SF Bay Area Fil-Ams slam new housing development over gentrification fears

SOUTH SAN FRANCISCO, Calif. – The South San Francisco Planning Commission approved a new housing development last night despite hearing numerous testimonies from concerned South San Francisco residents over gentrification.

This high density five story building will house 69 units to include one to two bedrooms along with 106 parking spots.

After deliberation with the planning commission, the developer volunteered to offer two additional units at below market rate, $15,000 in public art and $20,000 in community benefits.

“Commissioners asked intelligent questions giving full thoughts to all the public comments but I think they are doing the city a great service in approving the project,” said Edwin Law of Pinewave Development Group Inc.

Filipino Americans were among the many speakers who spoke out against the development.

Teachers, students, workers and many other concerned citizens say living in South City won’t be affordable soon if developments with high rents continue to be built.

“The Planning Commission just shows how much big money and big business is being heard over the people and gentrification is happening not just in San Francisco but in Daly City, South San Francisco and all over the peninsula where most of our people are living not just Filipinos but other people of color,” said Nikki Santiago-Victoria.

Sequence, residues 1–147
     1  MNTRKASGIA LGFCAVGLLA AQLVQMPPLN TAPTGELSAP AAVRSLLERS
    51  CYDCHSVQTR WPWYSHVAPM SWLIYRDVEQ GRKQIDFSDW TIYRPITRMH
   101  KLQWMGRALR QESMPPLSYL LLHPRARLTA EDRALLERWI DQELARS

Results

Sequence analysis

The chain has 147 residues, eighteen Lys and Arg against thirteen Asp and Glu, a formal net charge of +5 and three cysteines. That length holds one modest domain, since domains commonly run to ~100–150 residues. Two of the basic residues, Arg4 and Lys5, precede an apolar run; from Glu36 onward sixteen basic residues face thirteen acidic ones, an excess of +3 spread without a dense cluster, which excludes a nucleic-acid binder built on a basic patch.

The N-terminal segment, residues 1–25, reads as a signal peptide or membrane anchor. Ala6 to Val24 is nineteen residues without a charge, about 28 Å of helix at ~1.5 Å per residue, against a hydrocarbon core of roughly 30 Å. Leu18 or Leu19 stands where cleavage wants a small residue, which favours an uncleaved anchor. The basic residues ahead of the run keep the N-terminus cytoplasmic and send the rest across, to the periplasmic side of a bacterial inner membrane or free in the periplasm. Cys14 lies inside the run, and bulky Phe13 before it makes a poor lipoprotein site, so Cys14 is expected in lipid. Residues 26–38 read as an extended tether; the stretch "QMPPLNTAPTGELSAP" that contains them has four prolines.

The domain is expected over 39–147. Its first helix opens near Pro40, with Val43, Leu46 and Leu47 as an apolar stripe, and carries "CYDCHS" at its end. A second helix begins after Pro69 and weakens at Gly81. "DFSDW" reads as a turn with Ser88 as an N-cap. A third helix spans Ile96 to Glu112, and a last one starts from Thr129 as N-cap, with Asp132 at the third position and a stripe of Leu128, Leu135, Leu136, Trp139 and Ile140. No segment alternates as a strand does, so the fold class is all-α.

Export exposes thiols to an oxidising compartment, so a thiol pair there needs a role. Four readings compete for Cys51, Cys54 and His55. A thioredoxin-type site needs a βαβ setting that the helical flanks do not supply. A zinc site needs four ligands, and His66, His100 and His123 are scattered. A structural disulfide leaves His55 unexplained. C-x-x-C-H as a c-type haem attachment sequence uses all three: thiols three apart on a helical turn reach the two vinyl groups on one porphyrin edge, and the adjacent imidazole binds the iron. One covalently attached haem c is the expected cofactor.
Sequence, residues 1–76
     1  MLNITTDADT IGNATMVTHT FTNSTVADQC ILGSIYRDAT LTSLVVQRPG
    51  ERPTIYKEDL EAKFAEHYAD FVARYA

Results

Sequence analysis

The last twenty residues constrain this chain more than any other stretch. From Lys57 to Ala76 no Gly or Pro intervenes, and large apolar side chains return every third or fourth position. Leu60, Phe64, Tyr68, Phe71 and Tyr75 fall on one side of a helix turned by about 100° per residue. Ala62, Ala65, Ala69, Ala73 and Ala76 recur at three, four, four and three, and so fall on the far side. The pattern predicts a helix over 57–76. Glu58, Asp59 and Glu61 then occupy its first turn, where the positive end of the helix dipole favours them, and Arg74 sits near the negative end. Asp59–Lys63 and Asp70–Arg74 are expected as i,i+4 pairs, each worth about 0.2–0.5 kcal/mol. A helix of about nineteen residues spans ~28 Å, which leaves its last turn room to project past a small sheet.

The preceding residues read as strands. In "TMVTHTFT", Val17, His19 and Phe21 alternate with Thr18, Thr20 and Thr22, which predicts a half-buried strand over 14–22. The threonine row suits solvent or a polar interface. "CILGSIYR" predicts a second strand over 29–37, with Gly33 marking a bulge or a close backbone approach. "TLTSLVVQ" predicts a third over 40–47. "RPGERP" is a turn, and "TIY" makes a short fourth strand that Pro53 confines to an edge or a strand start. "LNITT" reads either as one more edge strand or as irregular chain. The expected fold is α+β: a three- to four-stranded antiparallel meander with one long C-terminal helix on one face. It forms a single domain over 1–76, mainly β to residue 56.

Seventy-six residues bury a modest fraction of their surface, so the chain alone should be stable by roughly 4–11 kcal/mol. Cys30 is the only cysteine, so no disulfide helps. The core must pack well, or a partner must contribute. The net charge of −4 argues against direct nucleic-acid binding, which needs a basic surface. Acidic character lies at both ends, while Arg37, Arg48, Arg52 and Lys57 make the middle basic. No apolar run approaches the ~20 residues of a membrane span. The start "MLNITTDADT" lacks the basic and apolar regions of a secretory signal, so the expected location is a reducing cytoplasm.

According to myapartmentmap.com, the average rent in South San Francisco for a one bedroom unit is $2,392.

“As one of the commissioners said the only way to solve this problem is to build more housing, create more competition and it’s just economics 101 when supply and demand is unbalanced you would have more stable rent for the whole area,” said Law.

“As much as I love my country I had to move to survive and now the same things are happening in the Bay Area where we live and I’m starting my own family and I don’t want to move again to another place only to be displaced again,” said Santiago-Victoria.

Despite the approval of the development, these south city residents say that they will continue to organize and educate the rest of their community in order to stop new developers and stay in this city that they call home.

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